by Paul J Williams
In May of 1991, a small group of gay men who shared an obsessive fascination with automobiles traveled together to attend a classic car gathering in Austin called “Golden Girls”. Hosted by a gay group in Austin called Classic Chassis Car Club, it was notable that, up until then, car clubs had been bastions of straight males with their muscle and custom cars; yet here was a car show made up of autos owned by gay men who were more concerned with how stylish and elegant their cars looked rather than the strength of the engines or the acceleration for a quarter mile.
Even existing, seemingly prestigious car clubs like the Cadillac Club or the Lincoln Club were often comprised of stodgy, more conservative, older members. Gay visibility in Dallas was becoming increasingly prevalent and the Dallasites in attendance realized that a club such as Austin’s was needed back home.
Within a few months, in September of 1991, Classic Chassis Car Club-Dallas was founded with 19 members: David Chase, Alan Colvin, Roy Davis, Lee Ford, Tommy Glazener, Joel Haralson, Mark Lawson, Gene Lewis, Jack Lewis, Mark McCay, Danny Milburn, Ron Owens, Randy Parker, Mike Shelby, Mark Smith, David Spearance, Donna Wolff, Rhett Wolff and Glen Wofford. Although formed primarily as a gay group, CCCC-Dallas was certainly not “anti-straight” as evidenced by its lone female charter member. Official bylaws were drafted and officers were elected. President was Ron Owens, Vice-President was Tommy Glazener, Secretary was Glen Wofford and Treasurer was Rhett Wolff. (Ron Owen was later followed by successive Presidents Alan Colvin, James Gudat, Steve Hamp, John McCall, David Sacha and, most recently, Tim Bunkley.)
Given the desire to gather publicly and show off their cars, the membership agreed to hold monthly meetings at Prince of Hamburgers, a drive-in hamburger joint on Lemmon Avenue located approximately where Plaza Car Wash stands today. Believing that there must surely be more gay people in town who either owned a classic car or who loved classic cars, the members decided to reach out to the community in two main ways. First, ads were taken out in the DALLAS VOICE. Secondly, CCCC-Dallas members gathered with their cars at JR’s Bar and Grill on Cedar Springs during happy hour. Onlookers were intrigued by the sight of the classic automobiles and, in those pre-internet days, face-to-face networking helped grow the club. By the end of 1992, the membership had grown to 75 members comprising a total of 174 cars of which there were 46 different years and 26 individual marques. Cadillac was the most popular brand with 62 cars, followed by Lincoln with 18.The year 1966 was the most popular year represented with 18 cars, followed by 1964, 1968, and 1970, with 9 cars each. By 1996, membership had reached 120 and the club hosted its first “Golden Girls” car show. With time, exposure within the gay community broadened as members drove in the annual Alan Ross Texas Freedom Parade. Often, CCCC-Dallas had the largest single club entry in the parade.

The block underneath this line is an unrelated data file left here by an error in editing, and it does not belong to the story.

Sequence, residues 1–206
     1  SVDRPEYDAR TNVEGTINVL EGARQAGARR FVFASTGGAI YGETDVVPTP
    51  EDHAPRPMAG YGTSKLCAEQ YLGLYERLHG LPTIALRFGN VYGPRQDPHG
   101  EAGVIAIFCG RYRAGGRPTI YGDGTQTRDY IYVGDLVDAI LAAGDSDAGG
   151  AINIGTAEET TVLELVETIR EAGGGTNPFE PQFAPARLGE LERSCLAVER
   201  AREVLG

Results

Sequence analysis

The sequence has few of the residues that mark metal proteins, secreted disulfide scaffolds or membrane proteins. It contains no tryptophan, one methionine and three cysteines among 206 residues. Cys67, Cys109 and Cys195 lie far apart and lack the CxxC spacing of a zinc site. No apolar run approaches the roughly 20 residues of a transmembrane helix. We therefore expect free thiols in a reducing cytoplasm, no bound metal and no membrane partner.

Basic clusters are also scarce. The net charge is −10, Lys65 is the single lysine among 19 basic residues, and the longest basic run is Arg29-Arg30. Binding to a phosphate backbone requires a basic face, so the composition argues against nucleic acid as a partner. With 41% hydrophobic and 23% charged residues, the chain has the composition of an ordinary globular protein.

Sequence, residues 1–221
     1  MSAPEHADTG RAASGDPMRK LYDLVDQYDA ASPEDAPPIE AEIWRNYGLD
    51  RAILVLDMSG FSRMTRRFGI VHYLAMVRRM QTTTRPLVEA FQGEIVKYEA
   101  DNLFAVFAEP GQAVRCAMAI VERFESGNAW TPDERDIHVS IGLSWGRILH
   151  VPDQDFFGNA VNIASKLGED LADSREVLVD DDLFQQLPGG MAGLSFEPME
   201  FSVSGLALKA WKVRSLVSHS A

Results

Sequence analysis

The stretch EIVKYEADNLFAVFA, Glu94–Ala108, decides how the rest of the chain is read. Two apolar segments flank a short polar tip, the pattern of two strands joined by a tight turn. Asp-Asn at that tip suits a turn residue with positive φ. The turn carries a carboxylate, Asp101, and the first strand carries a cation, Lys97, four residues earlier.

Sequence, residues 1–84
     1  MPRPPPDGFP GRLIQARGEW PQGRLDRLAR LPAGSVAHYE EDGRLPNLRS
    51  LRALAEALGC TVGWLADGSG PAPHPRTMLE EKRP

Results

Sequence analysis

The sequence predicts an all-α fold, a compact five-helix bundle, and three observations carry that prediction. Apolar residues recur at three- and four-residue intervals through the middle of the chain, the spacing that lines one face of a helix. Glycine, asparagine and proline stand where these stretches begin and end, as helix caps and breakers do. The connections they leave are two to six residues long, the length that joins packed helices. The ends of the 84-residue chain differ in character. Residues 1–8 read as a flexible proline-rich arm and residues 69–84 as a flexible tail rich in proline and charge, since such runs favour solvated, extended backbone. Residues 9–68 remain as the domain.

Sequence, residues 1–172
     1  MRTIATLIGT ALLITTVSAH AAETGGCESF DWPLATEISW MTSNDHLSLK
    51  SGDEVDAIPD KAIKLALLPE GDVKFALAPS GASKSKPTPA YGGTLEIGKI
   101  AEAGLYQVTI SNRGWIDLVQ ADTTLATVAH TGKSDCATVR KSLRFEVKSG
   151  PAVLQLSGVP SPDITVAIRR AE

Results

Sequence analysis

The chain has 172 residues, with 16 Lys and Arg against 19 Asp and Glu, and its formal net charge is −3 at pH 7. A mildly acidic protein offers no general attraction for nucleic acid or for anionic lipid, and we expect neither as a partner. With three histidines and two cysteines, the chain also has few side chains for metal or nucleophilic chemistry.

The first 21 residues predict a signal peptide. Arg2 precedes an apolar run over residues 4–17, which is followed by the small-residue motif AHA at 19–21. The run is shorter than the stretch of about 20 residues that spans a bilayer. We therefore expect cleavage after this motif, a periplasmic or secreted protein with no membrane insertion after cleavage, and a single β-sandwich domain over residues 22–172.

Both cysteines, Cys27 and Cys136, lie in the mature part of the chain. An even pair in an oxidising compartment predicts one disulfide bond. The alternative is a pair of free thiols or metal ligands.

Members believed that the club gave them a place to not only enjoy the shared fascination with cars, but also was a place, outside of the gay bars, to be oneself. In keeping with a gay sensibility, events were often very “themed” with members expanding their collections to include related items such as period luggage, dressed mannequins, memorabilia, and printed and advertising materials to accompany their car displays. Also in 1996, CCCC-Dallas joined Lambda Car Clubs International (LCCI) and became part of a much larger world-wide umbrella organization of Gay Classic Car Clubs in the U.S. and abroad. LCCI hosts an annual nationwide gathering of members and their cars, and CCCC-Dallas hosted this national event in 2004. CCCC-Dallas has also hosted the statewide Golden Girls events in 2000, 2004, and 2008.
Today, the club has over 130 members representing a total of 436 automobiles making it the largest gay car club in Texas and the fourth largest in the entire LCCI membership of local clubs. Since its first meetings at Prince of Hamburgers, the club has met at the Love Field Antique Mall, Marco’s Italian Restaurant on Throckmorton, Klein’s Diner, the downtown El Fenix, and is currently meeting at Ojeda’s on Maple. In addition to the GLBT community, the club shows cars at citywide events, including the Dallas Auto Show, various charity parades, and other similar events. CCCC-Dallas is constantly seeking to grow and diversify its membership in both age and gender.
The most common misconception regarding membership is that one must OWN a classic car to join, yet nothing could be further from the truth. The only requirement for membership is a love or a passion for all things automotive, especially classic or vintage cars and trucks. Younger members often bring a passion for newer cars which in time will be classics and ensure that the club continues well into the future. Classic Chassis Car Club-Dallas is committed to the ideals of stewardship and cultivation of future classic car collectors of all ages and ideologies. We are open to anyone who has a love and passion of classic vehicles. While we are proudly gay in our membership’s orientation, we also recognize that our main interest and impetus is the preservation of our collective heritage of the automobile; and, we seek to use that interest as a tool to spread tolerance and understanding.
“Good things happen to those who love old cars” –Unknown